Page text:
James Earl Jones SuccessStory
Considered as one of the greatest voice actors in history, James Earl Jones is the voice behind iconic movie characters Darth Vader and Mufasa and is also the voice behind hundreds of television programs including CNN and Sesame Street. Jones is also an accomplished actor, having won two Tony Awards. Although it’s hard to comprehend, that there was actually a time when he couldn’t even find his own voice. Jones ultimately managed to get past all his struggles, eventually building a legacy that is unmatched by any actor or narrator of his generation, or any generation for that matter.
James Earl Jones was born in Arkabutla, Mississippi, United States on January 17, 1931. James’ father Robert was a boxer and chauffeur while his mother Ruth was a teacher and maid. James also has a brother named Robert.
Young James didn’t have an ideal childhood. His father left the family when he was born to pursue an acting career. At the age of five, James moved with his grandparents to Jackson, Michigan during the midst of the ‘Great Migration’. Considered as one of the most notable moments in American history, the period marked the movement of more than six million African Americans from the southern portion of the country to the western states in the hopes to find a better life and fight social inequality.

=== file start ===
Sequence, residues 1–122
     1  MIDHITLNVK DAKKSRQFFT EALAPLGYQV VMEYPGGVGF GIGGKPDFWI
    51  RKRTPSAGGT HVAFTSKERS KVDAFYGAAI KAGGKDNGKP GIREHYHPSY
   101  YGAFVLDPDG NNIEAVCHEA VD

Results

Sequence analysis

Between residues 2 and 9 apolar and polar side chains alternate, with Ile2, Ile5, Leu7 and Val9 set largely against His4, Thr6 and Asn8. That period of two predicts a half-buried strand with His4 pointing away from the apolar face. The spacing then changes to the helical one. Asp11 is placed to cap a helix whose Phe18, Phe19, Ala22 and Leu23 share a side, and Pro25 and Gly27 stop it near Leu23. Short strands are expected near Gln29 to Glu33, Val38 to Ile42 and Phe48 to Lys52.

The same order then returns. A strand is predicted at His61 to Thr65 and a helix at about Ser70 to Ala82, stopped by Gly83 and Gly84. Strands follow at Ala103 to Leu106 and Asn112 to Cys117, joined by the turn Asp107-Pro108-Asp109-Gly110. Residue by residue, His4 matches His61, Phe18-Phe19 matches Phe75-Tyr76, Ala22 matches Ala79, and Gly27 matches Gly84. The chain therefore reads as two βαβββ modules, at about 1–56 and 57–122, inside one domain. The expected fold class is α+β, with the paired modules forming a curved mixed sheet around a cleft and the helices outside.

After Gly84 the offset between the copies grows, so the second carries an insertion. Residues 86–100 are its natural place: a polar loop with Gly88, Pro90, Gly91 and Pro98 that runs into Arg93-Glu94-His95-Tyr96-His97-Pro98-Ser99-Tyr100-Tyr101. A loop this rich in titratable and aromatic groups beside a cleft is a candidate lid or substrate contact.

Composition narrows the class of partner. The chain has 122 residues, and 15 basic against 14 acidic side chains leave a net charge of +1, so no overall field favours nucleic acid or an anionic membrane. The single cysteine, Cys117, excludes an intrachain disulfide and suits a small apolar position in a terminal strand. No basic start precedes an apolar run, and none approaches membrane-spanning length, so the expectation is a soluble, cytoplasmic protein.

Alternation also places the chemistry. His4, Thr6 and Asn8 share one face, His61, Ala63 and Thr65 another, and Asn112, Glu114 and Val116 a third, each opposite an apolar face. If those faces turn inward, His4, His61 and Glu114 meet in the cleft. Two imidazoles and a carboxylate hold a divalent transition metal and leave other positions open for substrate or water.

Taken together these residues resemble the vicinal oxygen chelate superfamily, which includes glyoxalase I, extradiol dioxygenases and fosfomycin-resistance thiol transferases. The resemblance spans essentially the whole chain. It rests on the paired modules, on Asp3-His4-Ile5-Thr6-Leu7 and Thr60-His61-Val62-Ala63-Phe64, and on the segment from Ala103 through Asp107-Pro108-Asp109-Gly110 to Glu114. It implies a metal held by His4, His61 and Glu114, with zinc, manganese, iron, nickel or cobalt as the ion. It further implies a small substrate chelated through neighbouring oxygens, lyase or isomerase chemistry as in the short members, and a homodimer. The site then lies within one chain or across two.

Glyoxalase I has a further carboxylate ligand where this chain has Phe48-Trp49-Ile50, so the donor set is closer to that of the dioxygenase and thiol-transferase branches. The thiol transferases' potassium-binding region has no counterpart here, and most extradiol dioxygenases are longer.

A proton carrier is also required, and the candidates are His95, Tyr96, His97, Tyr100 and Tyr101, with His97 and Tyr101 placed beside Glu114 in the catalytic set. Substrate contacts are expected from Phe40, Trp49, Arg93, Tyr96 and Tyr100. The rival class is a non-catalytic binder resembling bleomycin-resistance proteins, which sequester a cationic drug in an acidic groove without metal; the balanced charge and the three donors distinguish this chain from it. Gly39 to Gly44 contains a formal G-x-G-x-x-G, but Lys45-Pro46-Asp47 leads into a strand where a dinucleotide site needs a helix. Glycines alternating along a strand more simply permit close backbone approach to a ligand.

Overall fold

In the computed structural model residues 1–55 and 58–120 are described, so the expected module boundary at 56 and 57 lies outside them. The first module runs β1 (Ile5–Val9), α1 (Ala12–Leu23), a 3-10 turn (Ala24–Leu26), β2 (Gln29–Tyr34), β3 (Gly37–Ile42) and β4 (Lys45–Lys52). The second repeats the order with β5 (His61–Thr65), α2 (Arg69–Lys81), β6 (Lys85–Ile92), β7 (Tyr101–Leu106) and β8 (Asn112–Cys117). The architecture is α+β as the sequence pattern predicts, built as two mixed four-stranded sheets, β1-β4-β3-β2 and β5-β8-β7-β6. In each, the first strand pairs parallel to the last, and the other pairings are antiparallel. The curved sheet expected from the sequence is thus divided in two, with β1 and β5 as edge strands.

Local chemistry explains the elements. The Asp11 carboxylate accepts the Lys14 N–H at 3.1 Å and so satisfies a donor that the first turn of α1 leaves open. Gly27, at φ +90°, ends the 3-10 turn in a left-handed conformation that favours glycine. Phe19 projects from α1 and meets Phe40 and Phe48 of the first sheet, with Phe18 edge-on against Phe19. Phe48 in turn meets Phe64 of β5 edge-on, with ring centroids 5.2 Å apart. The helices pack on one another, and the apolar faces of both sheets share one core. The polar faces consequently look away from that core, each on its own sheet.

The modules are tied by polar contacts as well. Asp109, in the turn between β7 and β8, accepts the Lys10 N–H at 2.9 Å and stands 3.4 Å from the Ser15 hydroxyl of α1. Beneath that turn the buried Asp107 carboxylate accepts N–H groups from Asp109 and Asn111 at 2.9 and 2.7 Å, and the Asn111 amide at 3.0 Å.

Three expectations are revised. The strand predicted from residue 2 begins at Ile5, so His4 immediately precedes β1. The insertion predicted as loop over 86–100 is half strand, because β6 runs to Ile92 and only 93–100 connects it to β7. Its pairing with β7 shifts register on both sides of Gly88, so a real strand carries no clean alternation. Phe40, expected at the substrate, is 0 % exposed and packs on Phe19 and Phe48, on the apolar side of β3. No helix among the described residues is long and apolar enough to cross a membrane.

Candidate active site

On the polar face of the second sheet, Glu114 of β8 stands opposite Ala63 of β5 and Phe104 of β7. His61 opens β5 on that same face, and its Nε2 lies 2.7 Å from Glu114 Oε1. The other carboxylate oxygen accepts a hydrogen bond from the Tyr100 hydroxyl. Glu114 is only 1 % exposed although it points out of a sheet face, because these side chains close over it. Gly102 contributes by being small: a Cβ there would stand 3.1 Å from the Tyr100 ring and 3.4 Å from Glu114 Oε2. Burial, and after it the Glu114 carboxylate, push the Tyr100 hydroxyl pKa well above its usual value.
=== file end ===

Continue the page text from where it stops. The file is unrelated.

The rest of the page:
The transition of living with his grandparents traumatized the five-year-old Jones which led him to develop speech problems. He suffered severe stutter wherein it was even difficult to construct words and phrases. The condition left him depressed and embarrassed, and it would stay him until his teenage years.
Jones was functionally mute for eight years until he entered high school. In Browning School where he eventually, Jones would meet the person that would not only fix his stuttering but also help him develop the iconic voice that he would be known for today. Donald Crouch, who teaches English at Browning School, helped Jones fight through his stuttering through poetry. Crouch would let Jones read poetry on a regular basis, and it wasn’t long before Jones found his deep, powerful tone. According to Jones in a recent interview, poetry helped him immensely since he “wasn't in confrontation with other peoples' feelings or thoughts but only his own.” Poetry was also a major catalyst in Jones eventually pursuing an acting career.
From Browning School, Jones moved to Dickson Rural Agricultural School (now Brethren High School) where he obtained his high school diploma. He later enrolled at the University of Michigan and graduated from the prestigious university in 1955. Jones initially took up a pre-med degree, but realizing that his passion was performing all along, he switched to the University of Michigan School of Music, Theatre & Dance.